For the purposes of this work, the occurrence of a sporadic case or an outbreak of food-borne botulism is defined as an incident.

Data collection and analysis

Demographic, clinical and epidemiological data were obtained from the patient by the attending physician using a specific notification form, which is sent to both the NRCB and the MoH. Additional epidemiological investigations may be performed by the Department of Hygiene and Public Health and Local Health Units and additional information collected by the NRCB during phone interviews with patients and relatives and/or by the PPCC during patient clinical follow up. All these data, together with the microbiological and laboratory analyses results, are collected and stored in a specific database by the NRCB, which transmits all data to the MoH annually.

Statistical analysis was performed using Microsoft Excel 2010 (Microsoft Corp., US) and Prism version 6.03 (GraphPad Software, Inc., La Jolla, CA, US) by univariate analysis with chi-squared and t tests, as appropriate. A result of p < 0.5 was considered to indicate statistical significance.

Laboratory investigations

Clinical specimens for laboratory confirmation are taken by the attending clinician as soon as a diagnosis of botulism is suspected, and are sent for testing as soon as possible. Arrangements for testing leftover food are also made as a matter of urgency. If necessary, other foods are collected and sent for testing during any further epidemiological investigations by Local Health Units (Departments of Hygiene and Public Health). The NRCB carries out at least 90% of laboratory diagnosis performed in Italy, using analytical methods accredited according to ISO 17025 [16]. Detection of BoNTs was carried out by mouse bioassay, while detection of BoNT-producing Clostridium was carried out through multiplex real-time PCR developed and validated by the NRCB [17,18].


From 1986 to 2015 a total of 1,257 suspected cases of botulism were notified to the NRCB. Of these, 466 cases were laboratory-confirmed (Table 1).

Table 1

Number and percentage of suspected and laboratory-confirmed cases by type of botulism, Italy, 1986–2015

Type of botulism Suspected cases Laboratory-confirmed cases
Number % 95% CI Number % 95% CI
Food-borne 1,173 93.3 91.9 to 94.7 421 90.4 87.7 to 93.0
Infant 70 5.6 4.3 to 6.8 36 7.7 5.3 to 10.1
Wound 9 0.7 0.2 to 1.2 6 1.3 0.3 to 2.3
Adult intestinal colonisation 5 0.4 0.0 to 0.7 3 0.6 −0.1 to 1.4
Total 1,257 100 NA 466 100 NA

CI: confidence interval; NA: not applicable.

Male patients represented 51.7% of the confirmed cases (241/466) while females represented 45.7% (213/466) of cases. For the 12 remaining patients, sex was not reported.

Overall, the number of both notified and confirmed cases increased from 1986 to 1994, with an average of 40 notifications and 15 confirmations per year. The largest peak in notification of suspected cases was observed in 1996 as a consequence of four outbreaks due to commercial foods (mascarpone cheese and olives), and in 2013 as a consequence of a suspected outbreak due to commercial pesto sauce (Figure 1). The average annual incidence during the entire surveillance period was 0.03 per 100,000 population (range: 0.00–0.06), see Figure 2.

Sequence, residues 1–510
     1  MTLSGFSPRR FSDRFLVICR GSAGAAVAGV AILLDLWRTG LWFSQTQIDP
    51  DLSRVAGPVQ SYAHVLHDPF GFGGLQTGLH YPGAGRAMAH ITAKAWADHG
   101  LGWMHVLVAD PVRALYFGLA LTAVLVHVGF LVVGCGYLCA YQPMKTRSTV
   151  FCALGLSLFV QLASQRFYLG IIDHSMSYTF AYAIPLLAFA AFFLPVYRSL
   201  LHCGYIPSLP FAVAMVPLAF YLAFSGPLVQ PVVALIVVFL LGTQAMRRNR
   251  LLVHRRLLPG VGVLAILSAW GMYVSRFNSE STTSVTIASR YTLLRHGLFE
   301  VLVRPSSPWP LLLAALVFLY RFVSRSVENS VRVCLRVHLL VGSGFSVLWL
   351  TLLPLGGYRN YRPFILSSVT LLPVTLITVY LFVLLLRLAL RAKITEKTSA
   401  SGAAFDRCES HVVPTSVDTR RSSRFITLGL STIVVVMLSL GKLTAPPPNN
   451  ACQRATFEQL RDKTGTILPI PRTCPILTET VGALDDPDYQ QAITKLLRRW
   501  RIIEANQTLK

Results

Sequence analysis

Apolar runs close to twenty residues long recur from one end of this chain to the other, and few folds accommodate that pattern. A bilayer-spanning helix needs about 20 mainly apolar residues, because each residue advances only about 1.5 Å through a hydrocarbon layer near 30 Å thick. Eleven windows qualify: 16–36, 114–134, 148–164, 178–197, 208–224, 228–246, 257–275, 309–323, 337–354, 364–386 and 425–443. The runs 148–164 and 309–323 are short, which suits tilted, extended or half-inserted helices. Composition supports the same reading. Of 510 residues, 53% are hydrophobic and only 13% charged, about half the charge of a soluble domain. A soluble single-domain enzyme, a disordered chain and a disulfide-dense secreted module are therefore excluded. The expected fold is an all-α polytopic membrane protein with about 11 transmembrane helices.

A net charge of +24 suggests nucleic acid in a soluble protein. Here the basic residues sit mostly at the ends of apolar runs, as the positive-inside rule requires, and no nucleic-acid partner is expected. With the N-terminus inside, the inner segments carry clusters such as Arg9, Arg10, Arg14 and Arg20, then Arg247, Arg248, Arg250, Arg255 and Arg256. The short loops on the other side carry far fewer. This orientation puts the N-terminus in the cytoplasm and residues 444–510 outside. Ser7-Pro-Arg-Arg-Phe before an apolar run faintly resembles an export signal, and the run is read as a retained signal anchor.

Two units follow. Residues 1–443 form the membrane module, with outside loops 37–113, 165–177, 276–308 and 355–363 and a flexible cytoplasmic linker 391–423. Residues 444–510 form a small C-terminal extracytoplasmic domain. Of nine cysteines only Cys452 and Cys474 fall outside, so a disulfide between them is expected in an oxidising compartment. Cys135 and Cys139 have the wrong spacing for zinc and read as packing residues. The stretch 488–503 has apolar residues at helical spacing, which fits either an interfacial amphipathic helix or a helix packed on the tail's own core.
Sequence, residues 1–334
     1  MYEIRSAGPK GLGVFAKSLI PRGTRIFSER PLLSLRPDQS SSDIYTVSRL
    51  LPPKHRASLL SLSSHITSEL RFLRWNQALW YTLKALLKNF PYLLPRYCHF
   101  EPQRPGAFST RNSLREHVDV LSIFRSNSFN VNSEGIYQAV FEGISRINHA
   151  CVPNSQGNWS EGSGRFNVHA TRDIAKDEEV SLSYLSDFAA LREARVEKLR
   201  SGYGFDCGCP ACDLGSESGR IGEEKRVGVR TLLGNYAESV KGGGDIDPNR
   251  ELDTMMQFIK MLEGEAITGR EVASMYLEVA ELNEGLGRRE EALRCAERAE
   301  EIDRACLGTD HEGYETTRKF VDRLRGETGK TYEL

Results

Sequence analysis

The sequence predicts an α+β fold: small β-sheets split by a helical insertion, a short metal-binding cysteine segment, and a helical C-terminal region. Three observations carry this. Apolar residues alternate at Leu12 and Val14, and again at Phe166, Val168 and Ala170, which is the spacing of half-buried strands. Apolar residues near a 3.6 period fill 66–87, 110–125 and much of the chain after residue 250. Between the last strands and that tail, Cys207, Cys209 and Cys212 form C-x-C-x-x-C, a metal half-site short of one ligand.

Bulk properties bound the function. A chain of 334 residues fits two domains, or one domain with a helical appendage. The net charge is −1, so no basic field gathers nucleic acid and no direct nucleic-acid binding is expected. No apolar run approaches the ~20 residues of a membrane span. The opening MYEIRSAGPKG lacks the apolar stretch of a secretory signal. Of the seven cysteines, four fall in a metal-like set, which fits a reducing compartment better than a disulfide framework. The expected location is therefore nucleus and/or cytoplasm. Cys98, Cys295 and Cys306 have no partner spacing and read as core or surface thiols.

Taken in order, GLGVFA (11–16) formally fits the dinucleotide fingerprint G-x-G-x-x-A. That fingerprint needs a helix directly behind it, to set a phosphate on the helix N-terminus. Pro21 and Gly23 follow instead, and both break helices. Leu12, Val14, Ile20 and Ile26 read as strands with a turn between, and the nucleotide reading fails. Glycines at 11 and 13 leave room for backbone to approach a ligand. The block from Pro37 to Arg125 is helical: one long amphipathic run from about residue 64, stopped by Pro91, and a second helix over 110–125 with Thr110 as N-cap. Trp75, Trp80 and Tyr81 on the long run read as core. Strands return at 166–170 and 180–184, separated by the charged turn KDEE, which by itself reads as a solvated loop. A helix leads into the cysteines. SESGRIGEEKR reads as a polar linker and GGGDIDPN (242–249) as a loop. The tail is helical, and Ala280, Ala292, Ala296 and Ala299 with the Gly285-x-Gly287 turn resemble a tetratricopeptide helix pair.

Figure 1

Suspected (n=1,254) and laboratory-confirmed cases (n=466) of botulism, Italy, 1986–2015


Figure 2

Annual incidence of botulism per 100,000 population, Italy, 1986–2015 (n=1,254)


Ninety-six percent (316/330) of the laboratory-confirmed incidents were due to the neurotoxin produced by proteolytic strains of C. botulinum. Type B toxin was implicated in 79.1% (261/330) of all confirmed incidents, followed by type A (9.7%, 32/330), and type F, Ab and Bf toxins, accounted for 0.3% (1/330), 1.5% (5/330) and 0.6% (2/330) of the total incidents, respectively.

No clear seasonal pattern was observed for food-borne botulism, although during the holiday periods (Christmas, Easter and August holidays) the number of suspected cases usually increased. Conversely, a seasonal pattern was detected for infant botulism: 11 of 36 confirmed cases occurred in April, an observation which has yet to be explained.

Food-borne botulism

From 1986 to 2015, 285 laboratory-confirmed incidents involving a total of 421 persons were recorded. The mean number of cases per incident was 1.5 (range: 1–16 cases per incident).

Most confirmed incidents, involving 241 persons in total, originated in rural areas of central and southern regions of Italy (Table 2), and in particular in Campania (50/285, 17.5%), Puglia (40/285, 14.0%), Lazio (31/285, 10.9%), Sicilia (22/285, 7.7%), and Calabria (21/285, 7.4%).

Table 2

Number of laboratory confirmed cases by regions and type of botulism, Italy, 1986–2015 (n=466)

Region Food-borne botulism Infant botulism Wound botulism Adult intestinal colonisation botulism
Piemonte 20 0 1 1
Valle d’Aosta 0 0 0 0
Lombardia 21 5 0 0
Trentino Alto Adige 4 0 0 0
Veneto 19 4 0 1
Friuli Venezia Giulia 15 2 0 0
Liguria 14 0 0 0
Emilia Romagna 28 2 0 1
Toscana 4 0 0 0
Marche 6 0 0 0
Umbria 9 1 0 0
Lazio 43 11 1 0
Sardegna 10 0 0 0
Abruzzo 11 0 1 0
Molise 4 0 0 0
Campania 71 6 0 0
Basilicata 15 0 0 0
Puglia 58 4 1 0
Calabria 39 1 0 0
Sicilia 30 0 2 0
Total 421 36 6 3